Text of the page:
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Why Did Ronald Reagan Save the World? - Sierra Daily
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Sierra Daily

Dec 10, 2013

Why Did Ronald Reagan Save the World?


468px-Reagan_on_horseback
Readers of a certain age will recall that Ronald Reagan was not much of an environmentalist. Concerning the establishment of Redwood National Park, for example, he famously remarked: "A tree is a tree. How many more do you have to look at?" 

But yesterday in the New York Times, Justin Gillis wrote about the curious history and remarkable success of the Montreal Protocol to save the planet's ozone layer:

Here is a remarkable fact about global warming: It might be twice as bad right now were it not for a treaty negotiated by a conservative American president, for an entirely different purpose, based on motives no one has ever quite understood.

The treaty banned the refrigerants known as chlorofluorocarbons, which, in addition to destroying the ozone layer that protects us from dangerous radiation, turn out to be incredibly powerful greenhouse gases. Montreal was a big success on both counts, but Gillis reveals that no one is quite sure why Reagan backed the treaty. 

Mr. Reagan, with his zeal for deregulation and his conservative business principles, might have been expected to fight the idea of a global treaty. That is exactly what many of his closest aides wanted him to do. In the end, he rejected their advice and backed it, vigorously.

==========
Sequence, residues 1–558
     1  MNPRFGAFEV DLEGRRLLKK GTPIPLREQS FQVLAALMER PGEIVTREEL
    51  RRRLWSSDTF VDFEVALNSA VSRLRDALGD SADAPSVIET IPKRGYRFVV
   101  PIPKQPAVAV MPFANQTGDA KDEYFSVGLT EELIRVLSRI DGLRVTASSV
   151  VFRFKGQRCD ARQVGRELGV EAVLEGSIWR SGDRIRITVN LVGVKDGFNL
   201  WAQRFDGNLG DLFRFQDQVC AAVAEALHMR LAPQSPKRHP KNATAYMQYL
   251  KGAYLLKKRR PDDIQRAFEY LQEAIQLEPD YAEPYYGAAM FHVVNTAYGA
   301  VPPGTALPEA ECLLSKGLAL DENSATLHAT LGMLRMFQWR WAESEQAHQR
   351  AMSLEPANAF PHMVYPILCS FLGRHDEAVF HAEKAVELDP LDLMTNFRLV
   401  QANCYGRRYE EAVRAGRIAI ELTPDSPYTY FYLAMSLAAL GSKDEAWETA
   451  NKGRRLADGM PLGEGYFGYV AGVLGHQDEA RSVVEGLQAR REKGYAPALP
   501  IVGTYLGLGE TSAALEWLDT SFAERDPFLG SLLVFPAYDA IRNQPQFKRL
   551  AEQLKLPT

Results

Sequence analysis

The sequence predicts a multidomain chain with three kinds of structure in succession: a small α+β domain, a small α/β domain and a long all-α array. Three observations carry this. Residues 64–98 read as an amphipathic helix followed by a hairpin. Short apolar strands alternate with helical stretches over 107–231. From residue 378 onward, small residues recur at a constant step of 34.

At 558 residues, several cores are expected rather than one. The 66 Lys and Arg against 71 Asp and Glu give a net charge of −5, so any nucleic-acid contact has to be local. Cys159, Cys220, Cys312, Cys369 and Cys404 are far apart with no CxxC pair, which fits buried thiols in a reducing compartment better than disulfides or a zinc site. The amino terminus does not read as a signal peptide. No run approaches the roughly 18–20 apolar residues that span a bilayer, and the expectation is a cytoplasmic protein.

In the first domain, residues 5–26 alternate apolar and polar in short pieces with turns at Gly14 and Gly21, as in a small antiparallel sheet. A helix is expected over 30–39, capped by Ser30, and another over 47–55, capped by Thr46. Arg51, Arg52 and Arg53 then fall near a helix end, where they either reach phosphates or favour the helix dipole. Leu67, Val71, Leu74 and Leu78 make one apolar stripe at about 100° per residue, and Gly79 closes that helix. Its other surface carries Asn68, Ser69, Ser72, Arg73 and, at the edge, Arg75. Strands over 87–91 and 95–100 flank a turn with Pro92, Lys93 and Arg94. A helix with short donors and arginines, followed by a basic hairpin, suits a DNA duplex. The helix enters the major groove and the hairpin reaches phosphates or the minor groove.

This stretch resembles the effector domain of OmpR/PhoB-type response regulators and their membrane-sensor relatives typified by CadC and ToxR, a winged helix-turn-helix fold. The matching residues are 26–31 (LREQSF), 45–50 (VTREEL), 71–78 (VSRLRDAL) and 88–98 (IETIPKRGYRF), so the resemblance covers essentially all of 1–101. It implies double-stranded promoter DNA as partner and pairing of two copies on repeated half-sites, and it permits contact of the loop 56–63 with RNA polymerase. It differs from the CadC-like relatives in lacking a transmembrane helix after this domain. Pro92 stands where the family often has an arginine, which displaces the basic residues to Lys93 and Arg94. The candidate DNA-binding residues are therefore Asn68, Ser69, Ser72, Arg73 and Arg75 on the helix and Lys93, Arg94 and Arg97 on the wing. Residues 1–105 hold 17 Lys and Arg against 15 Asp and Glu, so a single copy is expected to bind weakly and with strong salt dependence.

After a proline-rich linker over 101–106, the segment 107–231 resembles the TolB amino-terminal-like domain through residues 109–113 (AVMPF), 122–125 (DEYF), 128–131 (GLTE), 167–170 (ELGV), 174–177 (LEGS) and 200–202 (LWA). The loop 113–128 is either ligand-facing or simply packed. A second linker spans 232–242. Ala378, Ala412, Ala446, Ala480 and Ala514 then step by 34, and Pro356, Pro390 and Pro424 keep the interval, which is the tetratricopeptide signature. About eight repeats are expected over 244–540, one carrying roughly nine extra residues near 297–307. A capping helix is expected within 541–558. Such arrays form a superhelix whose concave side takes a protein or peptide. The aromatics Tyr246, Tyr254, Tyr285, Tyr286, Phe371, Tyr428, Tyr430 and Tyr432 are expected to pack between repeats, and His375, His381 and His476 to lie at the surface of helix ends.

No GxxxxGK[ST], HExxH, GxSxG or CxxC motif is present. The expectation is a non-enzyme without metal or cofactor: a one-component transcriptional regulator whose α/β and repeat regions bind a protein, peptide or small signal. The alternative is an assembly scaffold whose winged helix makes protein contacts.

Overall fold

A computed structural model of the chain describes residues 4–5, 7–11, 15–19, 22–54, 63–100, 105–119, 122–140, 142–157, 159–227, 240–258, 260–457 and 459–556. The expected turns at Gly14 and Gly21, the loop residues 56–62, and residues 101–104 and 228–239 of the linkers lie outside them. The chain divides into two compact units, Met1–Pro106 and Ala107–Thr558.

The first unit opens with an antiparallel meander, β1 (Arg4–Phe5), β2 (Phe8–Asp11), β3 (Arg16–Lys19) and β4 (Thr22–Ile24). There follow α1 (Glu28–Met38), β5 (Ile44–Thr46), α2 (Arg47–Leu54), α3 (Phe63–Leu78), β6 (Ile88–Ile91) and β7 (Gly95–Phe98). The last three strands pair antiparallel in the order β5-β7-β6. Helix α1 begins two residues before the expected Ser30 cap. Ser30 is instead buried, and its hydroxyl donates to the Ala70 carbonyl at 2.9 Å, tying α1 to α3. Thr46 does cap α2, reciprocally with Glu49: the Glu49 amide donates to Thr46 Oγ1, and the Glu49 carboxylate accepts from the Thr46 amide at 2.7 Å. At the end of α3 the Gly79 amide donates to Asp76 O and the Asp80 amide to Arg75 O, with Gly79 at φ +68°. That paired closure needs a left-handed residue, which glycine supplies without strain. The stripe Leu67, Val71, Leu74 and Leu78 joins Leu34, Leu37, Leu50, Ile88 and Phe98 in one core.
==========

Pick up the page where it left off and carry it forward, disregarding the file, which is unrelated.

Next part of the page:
Why? One idea is that Mr. Reagan himself had had skin cancer, and allowed a concern for public health to triumph over ideology. Eli Lehrer, the head of a Washington think tank called the R Street Institute and a longtime Reagan admirer, offered me a simpler theory: that the man truly loved nature. He was never happier than when riding horses and chopping wood. Perhaps the science of the ozone hole just spooked him.

Elderly Sierra Club members may be skeptical, but he did spend an awful lot of time at that ranch. Perhaps the man who appointed the notorious James Watt as Interior Secretary was a nature boy himself after all. 

PAUL RAUBER is a senior editor at Sierra. He is the author, with Carl Pope, of the happily outdated Strategic Ignorance: Why the Bush Administration Is Recklessly Destroying a Century of Environmental Progress.Otherwise he is a cyclist, cook, and father of two. Follow him on Twitter @paulrauber

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